But as a boy, the meat locker was where you kept the meat. Mom would say, get your coat even if it was summer and you rode in the station wagon to the Bi-Lo Market on Highway 99, the bell ringing over the door as you entered the store, and went back into the meat locker where you could rent space and where they kept a side of beef they had raised, and which a man had cut and packaged in white butcher paper in exchange for the other half of the animal he had shot from his truck, then hoisted on a crane mounted on the bed, opened in a flood of gore with a small chainsaw (to the amazement of neighborhood kids watching) and gutted right there in the field.

Now everything in life is bewilderingly and confusingly malleable and relative, but at that time the world was solid and given, the meat locker and the man who ran the Bi-Lo and everyone else just were, requiring understanding and comprehension as little as the mountains on the horizon or the macadam of the parking lot.

Everything just was and always had been and always would be, amen. Everything was mysterious, but there was no other way it could be, understanding was neither possible nor required. People were what their uniform said they were or what your parents told you. There was no death and no age and no change. There was only scratching a dog behind the ears or on the sweet spot on its back that made it pedal with one leg, the soft texture of a horse’s nose, the grain of the boards on a wood fence, the taste of wild blackberries dusty from the road and warm from the sun. Adults did what they did, mysterious. You went to school. You read the short articles at the front of every section in the World Book Encyclopedia about the evolution of the letters of the alphabet, and learned new words from the unabridged dictionary.

Everything was solid granite, and what is there to understand about granite?

The inside of the meat locker is white.

The light is dim but your eyes adjust.

When he finds himself in a universe in which time has stopped, or become malleable, Odin returns to the meat locker and observes the events of his life as they hang suspended in the fog his cold breath makes. He walks among them and studies them from all angles and perspectives.

As a boy, things were mysterious but this was no cause for alarm, it was their nature and it was the nature of a boy to be ignorant and mystified.

As a man, things are sometimes confusing.  Sometimes you think they are not confusing and that you have everything sussed, and sometimes you do but sometimes you find later on that you were mistaken, or you are mistaken but you never find out and either no one else does either, or they do but are too polite to tell you. Things happen fast and are confusing and sometimes you figure them out and sometimes you do not.

So in the meat locker, in the absence of time, Odin has a rare respite from things changing faster than he can figure them out and can approximate wisdom by looking and looking until he finds an angle that makes sense. He can find the opportunity in a crisis, the lesson in a failure, and the good intention behind something that had hurt his pride.

It’s all hanging there on hooks in the cold, amidst the meat.

He can look until his lips turn blue, if he wants.

Quickening

It’s Friday and on Fridays everyone has a two-hour lunch break (you do, right? If not, send a letter to your Congressman) and because Odin  has time to meander a roundabout path he almost makes it to the store before the crow notices him.

Let me tell you something: having largish birds swoop around you close enough to hear their feathers on the air quickens the heart with joy, as long as they’re not pecking at you or shitting on you or something belonging to you or where you wanted to sit.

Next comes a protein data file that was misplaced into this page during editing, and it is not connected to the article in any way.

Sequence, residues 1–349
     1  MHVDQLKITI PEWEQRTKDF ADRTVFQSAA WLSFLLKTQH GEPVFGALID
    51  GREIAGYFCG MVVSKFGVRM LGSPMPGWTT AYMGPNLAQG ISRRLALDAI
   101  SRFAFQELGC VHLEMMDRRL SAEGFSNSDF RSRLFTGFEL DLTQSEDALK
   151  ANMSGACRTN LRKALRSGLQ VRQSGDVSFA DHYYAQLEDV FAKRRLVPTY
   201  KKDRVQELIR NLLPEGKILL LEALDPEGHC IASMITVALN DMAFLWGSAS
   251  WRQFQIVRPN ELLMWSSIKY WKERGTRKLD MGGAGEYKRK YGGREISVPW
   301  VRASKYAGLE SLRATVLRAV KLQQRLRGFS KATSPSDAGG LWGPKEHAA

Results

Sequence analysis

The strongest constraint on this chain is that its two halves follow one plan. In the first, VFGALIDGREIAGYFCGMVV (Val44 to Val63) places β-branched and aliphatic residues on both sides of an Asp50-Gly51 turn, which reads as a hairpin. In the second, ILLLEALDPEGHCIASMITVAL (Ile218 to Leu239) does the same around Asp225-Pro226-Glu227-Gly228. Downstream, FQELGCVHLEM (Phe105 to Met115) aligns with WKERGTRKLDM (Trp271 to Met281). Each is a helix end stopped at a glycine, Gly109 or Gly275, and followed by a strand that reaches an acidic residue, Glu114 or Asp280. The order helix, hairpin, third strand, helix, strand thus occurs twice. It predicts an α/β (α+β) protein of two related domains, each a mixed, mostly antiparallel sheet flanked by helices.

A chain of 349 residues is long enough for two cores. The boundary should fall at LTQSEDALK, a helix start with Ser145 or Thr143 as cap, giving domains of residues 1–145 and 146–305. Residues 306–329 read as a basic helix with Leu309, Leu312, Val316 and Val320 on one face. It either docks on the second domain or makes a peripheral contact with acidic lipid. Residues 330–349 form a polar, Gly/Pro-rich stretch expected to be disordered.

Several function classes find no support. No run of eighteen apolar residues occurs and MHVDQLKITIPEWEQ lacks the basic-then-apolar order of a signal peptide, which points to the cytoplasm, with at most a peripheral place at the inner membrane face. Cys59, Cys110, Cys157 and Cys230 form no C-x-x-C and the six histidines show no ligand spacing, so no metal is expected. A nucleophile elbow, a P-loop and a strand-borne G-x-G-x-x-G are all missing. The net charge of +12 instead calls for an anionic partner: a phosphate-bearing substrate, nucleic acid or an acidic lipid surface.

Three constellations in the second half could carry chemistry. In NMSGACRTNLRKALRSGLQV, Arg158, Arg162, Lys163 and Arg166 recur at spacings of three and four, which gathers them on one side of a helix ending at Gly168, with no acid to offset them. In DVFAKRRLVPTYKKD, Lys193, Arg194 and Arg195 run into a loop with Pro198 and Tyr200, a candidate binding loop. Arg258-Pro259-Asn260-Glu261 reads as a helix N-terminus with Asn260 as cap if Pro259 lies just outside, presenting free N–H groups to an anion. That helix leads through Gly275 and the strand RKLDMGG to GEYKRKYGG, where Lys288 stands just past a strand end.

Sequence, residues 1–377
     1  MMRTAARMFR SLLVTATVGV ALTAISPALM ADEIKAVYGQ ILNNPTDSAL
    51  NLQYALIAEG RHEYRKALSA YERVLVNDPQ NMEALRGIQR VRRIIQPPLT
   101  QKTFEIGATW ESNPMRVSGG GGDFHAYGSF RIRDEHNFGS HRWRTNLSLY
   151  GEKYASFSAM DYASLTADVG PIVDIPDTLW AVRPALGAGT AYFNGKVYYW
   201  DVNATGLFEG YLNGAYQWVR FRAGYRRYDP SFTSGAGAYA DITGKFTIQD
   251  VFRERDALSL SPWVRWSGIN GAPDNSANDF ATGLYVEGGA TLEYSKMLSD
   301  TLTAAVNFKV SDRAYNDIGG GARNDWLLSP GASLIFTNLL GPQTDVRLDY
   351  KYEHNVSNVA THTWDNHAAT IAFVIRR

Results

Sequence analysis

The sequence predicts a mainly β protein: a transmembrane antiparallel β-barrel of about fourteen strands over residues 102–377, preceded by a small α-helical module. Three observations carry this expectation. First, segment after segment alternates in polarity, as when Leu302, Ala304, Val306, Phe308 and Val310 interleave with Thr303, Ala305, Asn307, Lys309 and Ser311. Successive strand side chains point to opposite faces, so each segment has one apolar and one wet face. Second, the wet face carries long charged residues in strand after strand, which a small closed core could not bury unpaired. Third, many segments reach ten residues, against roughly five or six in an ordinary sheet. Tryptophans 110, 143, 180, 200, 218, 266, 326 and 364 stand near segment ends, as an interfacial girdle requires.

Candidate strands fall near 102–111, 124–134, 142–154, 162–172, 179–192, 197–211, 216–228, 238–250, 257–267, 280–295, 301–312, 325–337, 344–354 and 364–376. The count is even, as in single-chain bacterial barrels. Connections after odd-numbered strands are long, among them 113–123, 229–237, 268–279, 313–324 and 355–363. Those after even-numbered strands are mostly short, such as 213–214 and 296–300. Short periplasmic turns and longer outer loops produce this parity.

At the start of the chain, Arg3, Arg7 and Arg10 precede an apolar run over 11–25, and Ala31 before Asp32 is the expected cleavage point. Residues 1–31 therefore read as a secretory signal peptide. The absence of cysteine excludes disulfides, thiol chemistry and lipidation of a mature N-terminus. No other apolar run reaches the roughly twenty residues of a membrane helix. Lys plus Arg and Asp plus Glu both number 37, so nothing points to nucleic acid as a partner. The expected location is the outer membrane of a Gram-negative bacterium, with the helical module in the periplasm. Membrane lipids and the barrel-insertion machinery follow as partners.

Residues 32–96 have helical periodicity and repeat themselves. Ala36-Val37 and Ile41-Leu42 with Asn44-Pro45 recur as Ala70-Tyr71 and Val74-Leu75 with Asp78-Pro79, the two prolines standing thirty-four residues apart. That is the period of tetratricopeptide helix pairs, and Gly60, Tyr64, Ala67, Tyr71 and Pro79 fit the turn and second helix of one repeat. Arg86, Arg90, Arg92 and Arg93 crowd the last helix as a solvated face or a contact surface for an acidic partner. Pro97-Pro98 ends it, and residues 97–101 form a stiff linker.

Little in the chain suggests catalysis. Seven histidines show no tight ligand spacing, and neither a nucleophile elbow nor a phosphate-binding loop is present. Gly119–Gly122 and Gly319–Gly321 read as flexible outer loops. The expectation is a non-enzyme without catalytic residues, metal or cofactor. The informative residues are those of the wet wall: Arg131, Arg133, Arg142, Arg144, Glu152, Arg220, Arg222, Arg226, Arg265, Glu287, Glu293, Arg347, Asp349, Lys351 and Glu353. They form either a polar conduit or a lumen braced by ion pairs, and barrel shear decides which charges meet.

Heart quickened, Odin buys a mylar bag of cashew nuts and dried cranberries, and a small plastic bag of miniature dried sausages.

Odin eats some nuts and eats a sausage on his way back to the bench to share with the crow.

The atmosphere is cycling back and forth between the poles of nice, sunny, late-spring day and Is it maybe going to rain or not, without ever actually raining.

When he arrives at the bench, Odin is thinking about writing a love scene with the sentence, They kissed so hard a piece of dried sausage trapped between two molars was dislodged.

The grey crow has its rules of engagement, and they include not approaching closer than four feet. It will not come onto the bench for a bite of sausage. It hides the big pieces, and some of the nuts, and eats the small pieces and the rest of the nuts and cranberries.

On a two-hour lunch break, you have time to just sit on a bench in the sun/shade/sun/shade and rejoice in being a living thing.

Part of all this.

Just a part, one part among many.

What say the slain?

How fortunate you are, this very second.

And how I love you.

O what a lucky man

So now Odin keeps a package of smoked, dried sausages in his desk drawer and never goes for a walk on his lunch break without one in his pocket, now that the grey crow has tracked him to his office. He goes out, the crow lands in the grass and Odin crouches there, holding out a sausage, C’mere, c’mere, lunch little buddy, across the street from a diplomat’s residence — guard, flag, servants — then gives up and tosses the sausage to the crow.

The crow marches up and down the street like Groucho Marx chomping on a cigar, then hides the sausage by the curb. Odin walks to a nearby park, but not without being accosted by the crow a second time. Sorry, pal, just one today.

How would his suit smell if he packed sausages everywhere he went? Like a mad relative, that’s how.

The park was recently re-opened after running wild for decades and is green and overgrown. Crows watch him from the trees and there is an observatory.

What say the hanged?

How unlikely it is that we are even here, we lucky crowd, conceived against millennia of opposition, branches withered and frozen, starved and broken and trimmed and yet here we hang, fat and ripe and feeling sorry for ourselves.

There is a science to luck and that science is put yourself in its way. Life might follow you into your room and roll on its back at your feet while you sit there at your desk, but luck is outside, barking at cars and jumping from branch to branch and looking you in the eye and smiling.